Birds after the Rain

Rufus Whistler female

Rufus Whistler female

After days of heavy rain birds of all kinds were rejoicing yesterday! There was almost a cacophony of bird song, rising melodiously against the equally enthusiastic frog calls from the recharged swamp. I was trying to concentrate on sewing, a foolish occupation in the circumstances. Finally, after rushing back and forth to the windows to take photographs of birds in the shrubs around the house, I gave up and took the camera walking in the grounds.

Buff Thornbill

Buff Thornbill

First to attract my attention was a noisy flock of little birds, rushing together in swooping or darting flight from one tree or bush to another. Calling to each other to announce fresh insects on the undersides of leaves, they drew me too, first in one direction, then in another. This tiny thornbill above was one of many who danced around me from time to time, but always avoided the camera lens! They are very swift, the way they avoid being caught by bigger birds is to never stay still more than a millisecond. With the thornbills were wrens, Superb Blue Wrens, but none in breeding plumage.

Superb Blue Wren female or non-breeding male

Superb Blue Wren female or non-breeding male

I saw more little birds in the swooping flock, such as Scrub Wren, Grey Flycatcher, and always nearby were about a dozen Red-browed finches, scouring the grass for insects, blowing like autumn leaves across the lawn in their hunt.

Red-browed Finches

Red-browed Finches

Red-browed Finch

Red-browed Finch

All the time honeyeaters were gliding about, visiting their nectar-laden plants, warning each other to keep away! Here is a big one, a Lewin Honeyeater, resting for a moment in a grevillea by the dam.

Lewin Honeyeater

Lewin Honeyeater

Her competition is the Yellow-faced Honeyeater who was always nearby, looking for an advantage.

Yellow-faced Honeyeater

Yellow-faced Honeyeater on casuarina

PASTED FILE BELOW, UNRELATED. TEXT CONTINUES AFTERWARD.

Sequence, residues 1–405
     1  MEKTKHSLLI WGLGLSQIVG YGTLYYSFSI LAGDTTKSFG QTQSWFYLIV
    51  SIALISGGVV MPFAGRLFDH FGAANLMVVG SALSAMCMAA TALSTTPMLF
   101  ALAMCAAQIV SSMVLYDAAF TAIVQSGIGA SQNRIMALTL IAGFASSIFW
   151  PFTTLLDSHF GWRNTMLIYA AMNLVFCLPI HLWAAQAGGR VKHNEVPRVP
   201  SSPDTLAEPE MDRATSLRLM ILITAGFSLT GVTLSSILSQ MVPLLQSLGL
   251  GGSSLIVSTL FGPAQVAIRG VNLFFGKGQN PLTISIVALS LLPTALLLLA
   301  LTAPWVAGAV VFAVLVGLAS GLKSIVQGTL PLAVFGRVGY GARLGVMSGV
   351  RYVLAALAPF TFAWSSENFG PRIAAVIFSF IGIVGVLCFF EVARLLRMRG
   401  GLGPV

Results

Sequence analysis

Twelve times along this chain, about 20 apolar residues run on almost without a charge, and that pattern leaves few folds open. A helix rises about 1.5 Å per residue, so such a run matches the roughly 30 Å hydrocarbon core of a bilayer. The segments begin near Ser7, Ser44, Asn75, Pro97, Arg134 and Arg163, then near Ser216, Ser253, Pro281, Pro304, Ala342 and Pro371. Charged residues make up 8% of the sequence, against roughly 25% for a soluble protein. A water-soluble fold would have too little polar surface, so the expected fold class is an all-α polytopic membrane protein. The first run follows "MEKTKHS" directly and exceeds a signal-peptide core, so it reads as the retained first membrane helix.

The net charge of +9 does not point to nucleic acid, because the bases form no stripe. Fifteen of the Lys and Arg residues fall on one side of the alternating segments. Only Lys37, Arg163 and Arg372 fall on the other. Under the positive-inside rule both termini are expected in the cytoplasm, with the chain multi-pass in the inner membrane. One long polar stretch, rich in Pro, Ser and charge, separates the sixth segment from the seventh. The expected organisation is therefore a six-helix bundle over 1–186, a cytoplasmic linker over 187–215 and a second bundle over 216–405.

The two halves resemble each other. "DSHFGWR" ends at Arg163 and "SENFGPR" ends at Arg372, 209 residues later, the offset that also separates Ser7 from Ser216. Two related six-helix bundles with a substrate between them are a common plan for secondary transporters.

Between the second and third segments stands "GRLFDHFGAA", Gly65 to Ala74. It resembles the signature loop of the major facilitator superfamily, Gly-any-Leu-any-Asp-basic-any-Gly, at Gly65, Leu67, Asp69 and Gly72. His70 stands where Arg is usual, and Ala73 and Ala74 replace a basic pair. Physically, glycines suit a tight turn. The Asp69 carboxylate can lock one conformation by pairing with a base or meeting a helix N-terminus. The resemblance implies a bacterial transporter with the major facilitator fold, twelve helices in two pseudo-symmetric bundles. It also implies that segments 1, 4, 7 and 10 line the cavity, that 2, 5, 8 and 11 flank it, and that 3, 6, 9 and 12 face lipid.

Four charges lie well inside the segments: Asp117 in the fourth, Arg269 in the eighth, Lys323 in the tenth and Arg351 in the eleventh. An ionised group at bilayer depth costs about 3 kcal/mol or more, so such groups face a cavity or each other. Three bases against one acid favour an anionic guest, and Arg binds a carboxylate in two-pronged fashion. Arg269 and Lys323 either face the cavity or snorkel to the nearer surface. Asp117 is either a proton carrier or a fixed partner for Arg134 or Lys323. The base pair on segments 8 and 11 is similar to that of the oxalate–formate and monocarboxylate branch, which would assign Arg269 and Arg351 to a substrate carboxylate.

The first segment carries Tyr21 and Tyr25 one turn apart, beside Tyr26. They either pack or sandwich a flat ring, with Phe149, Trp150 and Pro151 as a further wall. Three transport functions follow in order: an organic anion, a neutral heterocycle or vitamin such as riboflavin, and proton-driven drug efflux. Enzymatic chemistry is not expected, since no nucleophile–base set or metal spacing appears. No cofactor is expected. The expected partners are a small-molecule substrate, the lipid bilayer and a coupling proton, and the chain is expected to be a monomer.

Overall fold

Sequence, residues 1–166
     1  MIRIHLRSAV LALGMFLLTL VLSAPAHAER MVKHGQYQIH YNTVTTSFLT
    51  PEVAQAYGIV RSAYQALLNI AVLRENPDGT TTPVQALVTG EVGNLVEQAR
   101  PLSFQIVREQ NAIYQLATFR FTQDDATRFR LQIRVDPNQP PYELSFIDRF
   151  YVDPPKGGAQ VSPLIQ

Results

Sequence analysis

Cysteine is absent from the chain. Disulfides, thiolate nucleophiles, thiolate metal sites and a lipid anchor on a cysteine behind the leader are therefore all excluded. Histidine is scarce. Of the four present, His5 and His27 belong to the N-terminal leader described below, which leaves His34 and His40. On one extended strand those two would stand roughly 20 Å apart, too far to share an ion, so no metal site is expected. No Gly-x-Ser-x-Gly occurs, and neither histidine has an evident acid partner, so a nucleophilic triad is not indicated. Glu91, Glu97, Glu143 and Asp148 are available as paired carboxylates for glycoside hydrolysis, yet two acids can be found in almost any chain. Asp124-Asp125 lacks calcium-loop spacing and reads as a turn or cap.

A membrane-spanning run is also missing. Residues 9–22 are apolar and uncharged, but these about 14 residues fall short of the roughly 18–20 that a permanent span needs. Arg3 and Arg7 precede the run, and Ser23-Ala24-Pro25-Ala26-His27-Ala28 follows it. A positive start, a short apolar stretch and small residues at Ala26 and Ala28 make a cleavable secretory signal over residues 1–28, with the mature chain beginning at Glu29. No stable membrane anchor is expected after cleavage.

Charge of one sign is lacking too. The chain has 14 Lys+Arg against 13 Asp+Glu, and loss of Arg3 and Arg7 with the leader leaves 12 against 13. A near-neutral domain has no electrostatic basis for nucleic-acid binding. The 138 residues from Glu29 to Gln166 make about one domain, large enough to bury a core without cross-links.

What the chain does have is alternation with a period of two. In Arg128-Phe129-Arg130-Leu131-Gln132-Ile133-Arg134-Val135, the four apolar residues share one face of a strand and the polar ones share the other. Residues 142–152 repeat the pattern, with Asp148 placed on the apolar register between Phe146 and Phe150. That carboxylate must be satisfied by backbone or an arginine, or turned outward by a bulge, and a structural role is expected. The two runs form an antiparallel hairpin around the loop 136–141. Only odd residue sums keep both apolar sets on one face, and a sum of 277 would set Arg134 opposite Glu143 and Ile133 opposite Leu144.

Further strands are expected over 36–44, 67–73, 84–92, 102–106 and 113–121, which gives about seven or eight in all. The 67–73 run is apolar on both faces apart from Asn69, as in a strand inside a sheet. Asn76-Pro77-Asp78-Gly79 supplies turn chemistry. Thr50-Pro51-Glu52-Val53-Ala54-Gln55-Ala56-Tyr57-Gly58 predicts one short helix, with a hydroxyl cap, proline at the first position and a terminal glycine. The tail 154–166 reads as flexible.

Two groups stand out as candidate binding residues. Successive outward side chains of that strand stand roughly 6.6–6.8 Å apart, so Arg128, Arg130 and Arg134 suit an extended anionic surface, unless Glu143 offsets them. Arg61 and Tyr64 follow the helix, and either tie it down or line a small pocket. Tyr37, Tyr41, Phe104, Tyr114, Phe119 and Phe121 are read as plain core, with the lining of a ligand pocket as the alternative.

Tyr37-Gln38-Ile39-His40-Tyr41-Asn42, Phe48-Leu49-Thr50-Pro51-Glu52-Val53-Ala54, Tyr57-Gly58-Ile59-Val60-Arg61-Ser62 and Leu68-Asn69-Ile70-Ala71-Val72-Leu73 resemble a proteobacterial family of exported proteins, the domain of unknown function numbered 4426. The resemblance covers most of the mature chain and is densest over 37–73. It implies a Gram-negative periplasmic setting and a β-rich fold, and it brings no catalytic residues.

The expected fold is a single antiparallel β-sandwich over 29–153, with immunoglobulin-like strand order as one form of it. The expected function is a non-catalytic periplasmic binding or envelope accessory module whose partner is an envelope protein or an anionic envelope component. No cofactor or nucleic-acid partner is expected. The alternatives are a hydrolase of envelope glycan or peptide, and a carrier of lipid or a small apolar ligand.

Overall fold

Many birds came and went so quickly I had to just relax and watch, leaving the camera by my side. The glorious Golden Whistler dashed in and out, magpies and ravens watched from their trees or other vantage points. A small raptor attracted by the fuss actually hit our glass doors, without harm fortunately.

New Holland Honeyeater

New Holland Honeyeater

The New Holland Honeyeater lives in the thick bush at the edge of the dam, and is a familiar visitor to the house garden, here cleaning insects from the lime tree. We also saw Eastern Spinebills, feeding in the correas by the house. Adding to the celebration were our friendly Grey Shrike Thrushes, carolling and calling as they staked out their territory in the orchard and around the garden.

Grey Shrike Thrush

Grey Shrike Thrush

This one seemed to follow the red-browed finches, scattering them now and then, perhaps eating insects they had disturbed. I will go out again today, but now the sun is really shining it won’t be as easy to capture the birds, and we are preparing for dinner guests tonight. Perhaps I will capture more birds from the house windows.

To find more of my blogs about any of these birds just type the name into the search panel above, and hey presto!

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15 thoughts on “Birds after the Rain

  1. When you described the behaviour of the Buff Thornbills, I wondered if they were tiny birds like our Ruby-crowned Kinglets, who also hang out in little flocks that never sit still. Turns out the Thornbills are even smaller! They’re 8-10 cm, while the Kinglets are a gigantic 9-11 cm.

  2. Once again, I am overcome with awe for your creative, professional photography of birds. The composition is exquisite. Not even truly analyzing them, when one looks upon them, everything just seems so very right. I would think these would command a great price tag if you were ever serious about selling them. Just fantastically beautiful, Christine. My gaze is enriched just looking upon them.

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